In Letters from Iwo Jima, the protagonists are the Japanese soldiers who face insurmountable odds as they are tasked with holding Iwo Jima despite being outnumbered five to one in the face of invading American military forces. General Kuribayashi, has taken command of the garrison, sees that the only way they will have the slightest chance in winning is to fight with subterranean tactics. The lack of nutrition and the unsanitary conditions wipe out many soldiers before the Americans even get to Iwo Jima, and once they arrive, many more Japanese casualties are seen. Throughout the film, there is a pervading sense of the hopelessness of it all. The soldier Saigo says
“We dig all day. This is the hole that we will fight and die in. Am I digging my own grave.” And later, in response to another soldier suggesting that death is honorable, Saigo says “Kashiwara died of honorable dysentery.”
This is a prime example of the rational response that anyone would have when facing the horrors of war.
Justifying war has devastating consequences
But an actual reason that seems to justify war is put forth in this film when General Tadamichi Kuribayashi (played by Ken Watanabe) says:
“The Cave digging may be futile. The stand on Iwo may be futile. The whole war may be futile. But would you give up then? If our children can live safely for one more day, it’ll be worth one more day that we defend this island!”
The general’s speech helped soldiers hold out against American advancement far longer than Marine leaders originally anticipated.
The general is convincing his men to fight, but is it truly a justification of war? That is a complicated question. General Kuribayashi is not seeking violence or glory, nor is he running away or recoiling from it. He is simply stating that the situation is what it is and he and his men can only do what is best based on the already flawed circumstances that they find themselves in. That seems to be a fair assessment of things, but this exact type of reasoning is also why there are so many wars that continue on when so many people are diametrically and philosophically opposed to them.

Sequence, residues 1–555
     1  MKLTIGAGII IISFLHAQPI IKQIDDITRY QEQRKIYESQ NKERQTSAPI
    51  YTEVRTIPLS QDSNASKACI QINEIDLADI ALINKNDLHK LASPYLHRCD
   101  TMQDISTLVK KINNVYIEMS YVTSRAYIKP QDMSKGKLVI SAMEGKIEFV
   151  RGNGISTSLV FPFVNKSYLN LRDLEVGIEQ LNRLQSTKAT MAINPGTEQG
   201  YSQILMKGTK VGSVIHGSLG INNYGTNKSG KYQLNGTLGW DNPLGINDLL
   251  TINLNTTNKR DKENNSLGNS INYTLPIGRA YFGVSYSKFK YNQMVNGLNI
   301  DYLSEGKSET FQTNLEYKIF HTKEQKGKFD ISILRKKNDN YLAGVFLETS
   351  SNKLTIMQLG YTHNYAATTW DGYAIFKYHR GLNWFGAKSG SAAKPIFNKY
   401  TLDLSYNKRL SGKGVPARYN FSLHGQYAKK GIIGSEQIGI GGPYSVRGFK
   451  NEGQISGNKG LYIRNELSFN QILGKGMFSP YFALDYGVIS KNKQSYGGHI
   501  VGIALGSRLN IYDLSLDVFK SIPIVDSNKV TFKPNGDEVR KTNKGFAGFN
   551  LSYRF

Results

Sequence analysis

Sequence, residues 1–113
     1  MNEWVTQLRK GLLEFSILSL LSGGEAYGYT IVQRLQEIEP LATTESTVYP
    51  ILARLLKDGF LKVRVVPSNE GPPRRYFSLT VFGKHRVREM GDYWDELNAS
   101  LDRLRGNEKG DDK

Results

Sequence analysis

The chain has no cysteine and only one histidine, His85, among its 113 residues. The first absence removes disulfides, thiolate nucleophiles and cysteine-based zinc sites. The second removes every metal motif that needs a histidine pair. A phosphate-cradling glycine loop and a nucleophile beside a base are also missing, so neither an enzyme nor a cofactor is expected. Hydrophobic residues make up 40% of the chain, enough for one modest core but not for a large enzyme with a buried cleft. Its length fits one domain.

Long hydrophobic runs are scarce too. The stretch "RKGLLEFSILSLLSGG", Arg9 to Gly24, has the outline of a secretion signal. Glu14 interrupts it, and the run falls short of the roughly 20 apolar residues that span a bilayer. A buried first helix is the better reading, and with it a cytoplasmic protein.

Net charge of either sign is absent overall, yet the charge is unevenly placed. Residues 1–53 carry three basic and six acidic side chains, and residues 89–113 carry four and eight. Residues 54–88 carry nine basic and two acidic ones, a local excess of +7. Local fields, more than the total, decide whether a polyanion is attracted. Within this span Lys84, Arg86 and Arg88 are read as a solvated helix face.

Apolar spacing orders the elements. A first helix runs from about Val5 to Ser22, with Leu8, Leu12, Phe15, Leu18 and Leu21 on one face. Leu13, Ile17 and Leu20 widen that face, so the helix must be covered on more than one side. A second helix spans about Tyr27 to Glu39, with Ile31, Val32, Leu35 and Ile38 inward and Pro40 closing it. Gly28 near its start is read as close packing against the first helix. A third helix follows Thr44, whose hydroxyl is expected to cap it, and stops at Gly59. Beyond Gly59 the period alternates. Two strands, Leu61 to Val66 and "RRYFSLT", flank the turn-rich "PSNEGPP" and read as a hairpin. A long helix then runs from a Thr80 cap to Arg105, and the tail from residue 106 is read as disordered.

Reviewing the literature
The four works examined in this paper have in common what Ken Watanabe so eloquently stated in his role as General Kuribayashi—“The whole war may be futile.” That is the point. Many different attitudes are adopted by soldiers during war. It doesn’t matter which war is being spoken of, all the attitudes seem to fall into the same general categories. There are the exploring and adventuring excitement of the chase and the action; there is the despair of pain, of loss of loved ones, of loss of honor or glory; there is the relegation to what one is faced with without an inkling that a change can be effected.here is the dark cruelty that accompanies fighting a completely “otherized” enemy that have been stripped of their humanity so that it is easier for a man known to be empathetic to kill said enemy without remorse or introspection, and there is the even darker unmasking of the sociopaths who are allowed to run rather free with full relish during times of these types of conflict. And always there is a surreal aspect where it is as if there is a pause put on life so that an endless nightmare can be waged—and some never wake up from it. War is hell; and when a man is faced with hell, the best he can do is cope in whatever ways are currently available to him.
There is the dark cruelty that accompanies fighting a completely “otherized” enemy that have been stripped of their humanity so that it is easier for a man known to be empathetic to kill said enemy without remorse or introspection, and there is the even darker unmasking of the sociopaths who are allowed to run rather free with full relish during times of these types of conflict. And always there is a surreal aspect where it is as if there is a pause put on life so that an endless nightmare can be waged—and some never wake up from it. War is hell; and when a man is faced with hell, the best he can do is cope in whatever ways are currently available to him.
Disher, Gary. “Notes on Writing the Divine Wind”. Garydisher.com. 8 Dec 2012.
Disher, Gary. The Divine Wind. New York: Scholastic Paperbacks, 2003. Print.
Ledig, Gert. The Stalin Front: A Novel of World War II. New York: NYRB, 2005. Print.
Letters from Iwo Jima. Dir. Clint Eastwood. Perf. Ken Watanabe, Kazunari Ninomiya,
Tsuyoshi Ihara. Warner Bros, 2007. Film.
Shaara, Michael. The Killer Angeles: The Classic Novel of the Civil War. New York:
Ballantine Books, 1987. Print